What do you get when you cross a 1961 Volvo PV544 retro-look car with a sleek 2019 Volvo S60 T8 Polestar Engineered sedan – and why would you ever do that?
You get a custom head-turner hybrid vehicle designed to get people talking, especially about women in automotive trades. That’s because this blended vehicle project is being disassembled, redesigned and rebuilt by an all-female team based at Girl Gang Garage in Phoenix Arizona.
Girl Gang Garage founder and co-owner, Bogi Lateiner, TV host of Motortrend’s All Girls Garage and Garage Squad shows, is well on the way to transforming these vehicles as the third major public project she has undertaken. Along with co-owner Shawnda Williams, Lateiner offers women of all ages, experiences and skill levels the chance to lend a hand, learn a tool, and possibly discover a new career-path in the automotive trades.
Lateiner and Williams apply well-honed old-school skills but have been increasingly interested in the possibilities offered by today’s digital workflow. That’s why early in 2021, after conversations with the fellow re-build team at Kindig-It Custom Car Fabrication, Lateiner reached out to Chris Strong with Rapid Scan 3D to see how they might work together to incorporate 3D scanning into their project
The team at Rapid Scan 3D including Chris Strong, 3D Scanning Specialist and Hayati Dirim, Lead Application Engineer were immediately onboard with the chance to help Girl Gang Garage move into the digital world while widening their circle of women with automotive skills and interests. Rapid Scan 3D was able to utilize 3D scanning data from the original vehicle and Reverse Engineer the front end using class leading software Geomagic Design X from Oqton. Hayati was able to take the CAD data deliver a CAD ready surface model to the team at All Girl Garage.
A Virtual Team and a Digital Workflow
One of the amazing parts of this build is that included members of Women in 3D Printing offered to coordinate many of the publicity efforts and even sponsor a related design competition targeted at young women in high schools and colleges who are learning CAD skills. (More on that to come.)
During the first few Zoom meetings that introduced Lateiner and Williams to the technical capabilities of the different team members and the printer, the basic rebuild plan was presented: strip the PV544 down to bare metal (removing every mechanical and electrical component), disassemble the S60 down to the chassis, engine, drive-train and hybrid motor system, and figure out how to make the two sections fit!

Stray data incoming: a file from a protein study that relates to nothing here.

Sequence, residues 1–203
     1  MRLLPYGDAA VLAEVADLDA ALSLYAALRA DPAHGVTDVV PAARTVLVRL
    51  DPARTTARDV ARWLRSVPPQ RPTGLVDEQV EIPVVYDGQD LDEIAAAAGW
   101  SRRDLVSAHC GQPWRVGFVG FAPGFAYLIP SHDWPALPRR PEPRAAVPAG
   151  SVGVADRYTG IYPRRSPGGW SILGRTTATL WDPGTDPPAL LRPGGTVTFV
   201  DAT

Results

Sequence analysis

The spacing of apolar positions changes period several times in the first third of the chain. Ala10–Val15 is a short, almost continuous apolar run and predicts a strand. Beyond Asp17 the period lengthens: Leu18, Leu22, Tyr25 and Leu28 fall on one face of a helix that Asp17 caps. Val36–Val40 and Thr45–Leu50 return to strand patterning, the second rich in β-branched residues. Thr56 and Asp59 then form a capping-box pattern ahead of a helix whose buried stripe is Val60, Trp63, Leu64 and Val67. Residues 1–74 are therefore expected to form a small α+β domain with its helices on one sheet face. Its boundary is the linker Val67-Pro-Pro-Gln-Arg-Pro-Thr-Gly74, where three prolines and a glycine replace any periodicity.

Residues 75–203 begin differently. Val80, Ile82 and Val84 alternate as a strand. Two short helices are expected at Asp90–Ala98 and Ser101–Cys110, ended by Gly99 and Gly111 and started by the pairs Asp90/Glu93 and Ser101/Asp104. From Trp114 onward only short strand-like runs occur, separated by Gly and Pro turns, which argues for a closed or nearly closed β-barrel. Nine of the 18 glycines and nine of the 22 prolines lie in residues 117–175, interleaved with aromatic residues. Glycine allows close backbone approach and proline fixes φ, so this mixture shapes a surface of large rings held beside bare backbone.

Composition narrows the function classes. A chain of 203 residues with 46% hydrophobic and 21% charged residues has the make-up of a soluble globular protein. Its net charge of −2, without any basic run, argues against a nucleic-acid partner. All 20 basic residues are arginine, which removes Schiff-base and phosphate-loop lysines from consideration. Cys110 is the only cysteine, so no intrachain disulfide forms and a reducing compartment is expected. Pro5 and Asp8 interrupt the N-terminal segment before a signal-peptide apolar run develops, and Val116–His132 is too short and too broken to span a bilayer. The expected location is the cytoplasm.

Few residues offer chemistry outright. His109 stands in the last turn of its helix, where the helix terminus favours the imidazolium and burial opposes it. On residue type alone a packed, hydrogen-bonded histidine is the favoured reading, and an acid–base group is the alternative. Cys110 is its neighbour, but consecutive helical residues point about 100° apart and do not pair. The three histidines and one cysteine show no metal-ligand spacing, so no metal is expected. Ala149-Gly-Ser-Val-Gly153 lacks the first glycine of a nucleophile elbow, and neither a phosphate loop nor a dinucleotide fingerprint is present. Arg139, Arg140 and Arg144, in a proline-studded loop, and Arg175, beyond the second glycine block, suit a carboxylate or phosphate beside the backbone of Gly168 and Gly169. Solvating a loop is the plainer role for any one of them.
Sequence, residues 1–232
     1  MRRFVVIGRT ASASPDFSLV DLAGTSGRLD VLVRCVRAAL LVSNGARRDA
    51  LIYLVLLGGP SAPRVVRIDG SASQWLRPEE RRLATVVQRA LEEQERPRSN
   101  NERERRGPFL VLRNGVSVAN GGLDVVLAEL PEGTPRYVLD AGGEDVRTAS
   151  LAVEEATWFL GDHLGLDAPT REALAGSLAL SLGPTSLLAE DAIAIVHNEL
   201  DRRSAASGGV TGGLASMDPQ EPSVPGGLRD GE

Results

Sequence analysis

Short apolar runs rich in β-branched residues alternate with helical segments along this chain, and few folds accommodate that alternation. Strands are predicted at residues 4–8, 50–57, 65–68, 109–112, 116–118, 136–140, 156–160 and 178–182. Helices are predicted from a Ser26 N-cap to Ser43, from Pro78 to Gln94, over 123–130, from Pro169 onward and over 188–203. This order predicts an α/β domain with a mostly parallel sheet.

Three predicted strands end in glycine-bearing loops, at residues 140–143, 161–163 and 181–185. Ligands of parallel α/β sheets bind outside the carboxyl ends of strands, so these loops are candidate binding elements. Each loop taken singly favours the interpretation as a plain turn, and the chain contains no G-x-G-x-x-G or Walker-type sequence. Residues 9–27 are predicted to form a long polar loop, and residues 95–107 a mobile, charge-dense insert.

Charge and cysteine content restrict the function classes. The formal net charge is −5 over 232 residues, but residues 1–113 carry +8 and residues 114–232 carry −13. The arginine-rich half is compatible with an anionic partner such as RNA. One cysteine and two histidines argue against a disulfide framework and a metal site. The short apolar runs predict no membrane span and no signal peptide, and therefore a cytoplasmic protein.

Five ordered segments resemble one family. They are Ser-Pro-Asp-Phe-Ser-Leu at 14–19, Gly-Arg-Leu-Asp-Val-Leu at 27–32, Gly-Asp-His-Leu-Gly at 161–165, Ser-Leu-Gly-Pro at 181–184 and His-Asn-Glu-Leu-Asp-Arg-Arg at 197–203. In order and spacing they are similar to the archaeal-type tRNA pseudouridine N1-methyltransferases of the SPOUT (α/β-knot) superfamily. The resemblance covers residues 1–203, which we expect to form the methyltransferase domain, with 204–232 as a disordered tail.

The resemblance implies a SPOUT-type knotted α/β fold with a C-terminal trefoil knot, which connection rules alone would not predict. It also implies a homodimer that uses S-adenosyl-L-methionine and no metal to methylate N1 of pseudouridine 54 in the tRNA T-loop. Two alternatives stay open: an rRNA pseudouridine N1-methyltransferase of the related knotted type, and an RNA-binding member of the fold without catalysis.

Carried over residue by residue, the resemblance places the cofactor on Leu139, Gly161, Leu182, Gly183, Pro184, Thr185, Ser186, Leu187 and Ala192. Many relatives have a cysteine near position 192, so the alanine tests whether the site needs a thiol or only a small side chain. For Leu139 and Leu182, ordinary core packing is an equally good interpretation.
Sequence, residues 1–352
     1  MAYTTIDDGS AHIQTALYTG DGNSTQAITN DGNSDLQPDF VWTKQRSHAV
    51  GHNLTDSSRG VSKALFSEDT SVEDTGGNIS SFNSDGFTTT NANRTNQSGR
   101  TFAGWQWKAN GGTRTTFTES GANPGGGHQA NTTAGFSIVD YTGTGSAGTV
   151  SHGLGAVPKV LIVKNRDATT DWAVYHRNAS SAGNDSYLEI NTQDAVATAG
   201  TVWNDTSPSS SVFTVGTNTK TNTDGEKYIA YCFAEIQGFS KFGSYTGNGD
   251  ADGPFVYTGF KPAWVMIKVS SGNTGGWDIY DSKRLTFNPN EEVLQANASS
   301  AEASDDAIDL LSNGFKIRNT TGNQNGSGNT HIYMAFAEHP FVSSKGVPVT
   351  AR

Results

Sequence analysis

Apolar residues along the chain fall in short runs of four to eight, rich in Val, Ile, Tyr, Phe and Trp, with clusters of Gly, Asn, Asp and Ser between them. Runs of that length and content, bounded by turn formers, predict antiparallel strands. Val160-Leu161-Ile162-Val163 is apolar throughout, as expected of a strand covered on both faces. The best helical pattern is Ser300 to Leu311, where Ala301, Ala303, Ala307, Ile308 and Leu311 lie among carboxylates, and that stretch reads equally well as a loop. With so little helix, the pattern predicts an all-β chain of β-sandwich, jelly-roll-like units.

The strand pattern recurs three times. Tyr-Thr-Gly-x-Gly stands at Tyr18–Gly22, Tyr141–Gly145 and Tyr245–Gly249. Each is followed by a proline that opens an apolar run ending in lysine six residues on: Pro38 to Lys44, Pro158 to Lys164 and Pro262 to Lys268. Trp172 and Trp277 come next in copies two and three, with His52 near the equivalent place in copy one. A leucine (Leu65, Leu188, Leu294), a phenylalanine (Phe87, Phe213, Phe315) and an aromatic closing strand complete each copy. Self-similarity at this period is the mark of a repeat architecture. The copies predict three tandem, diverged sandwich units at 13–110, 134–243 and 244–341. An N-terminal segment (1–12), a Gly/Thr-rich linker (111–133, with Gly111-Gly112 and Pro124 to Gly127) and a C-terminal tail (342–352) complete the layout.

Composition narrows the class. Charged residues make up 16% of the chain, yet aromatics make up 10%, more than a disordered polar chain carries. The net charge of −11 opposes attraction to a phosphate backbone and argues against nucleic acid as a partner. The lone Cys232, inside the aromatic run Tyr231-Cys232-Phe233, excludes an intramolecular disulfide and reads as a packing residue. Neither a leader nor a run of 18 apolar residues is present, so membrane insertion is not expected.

Traditionally, that workflow depended strictly on the classic tools of the trade, from cutting wheels and a Sawzall to hand-grinders and pneumatic drills. Those components are still coming into play on the current project under the skilled eye of the Girl Gang Garage leaders, but now complementary digital processes are being added.
It Starts with Scanning
The scan data, if exported as an STL file, could be sent directly to a surfacing package such as Geomagic Design X. This software tools let users convert the STL mesh into an IGES surface, which can then be brought into a CAD package as the basis for a new solid model.
Scanning has many other purposes and capabilities. If CAD data were available for the actual vehicle, those files could be imported, overlaid on the captured data, and compared, alerting the user to deviations between intended and actual dimensions – a very common use in Geomagic Design X and Control X.
Every Thursday through Sunday, volunteer women come to Girl Gang Garage and learn to use cutting tools, welders, sanders and more, making daily progress toward the completed hybrid PV544. (All women are invited to come help and learn, at no cost – just sign up to get involved and get yourself to Phoenix.) Here are a few glimpses into the work as of early April – much more has been done but stay tuned for the next blog post as we show off elements of the S60 sedan, scan data being used for reference, and details of the design contest.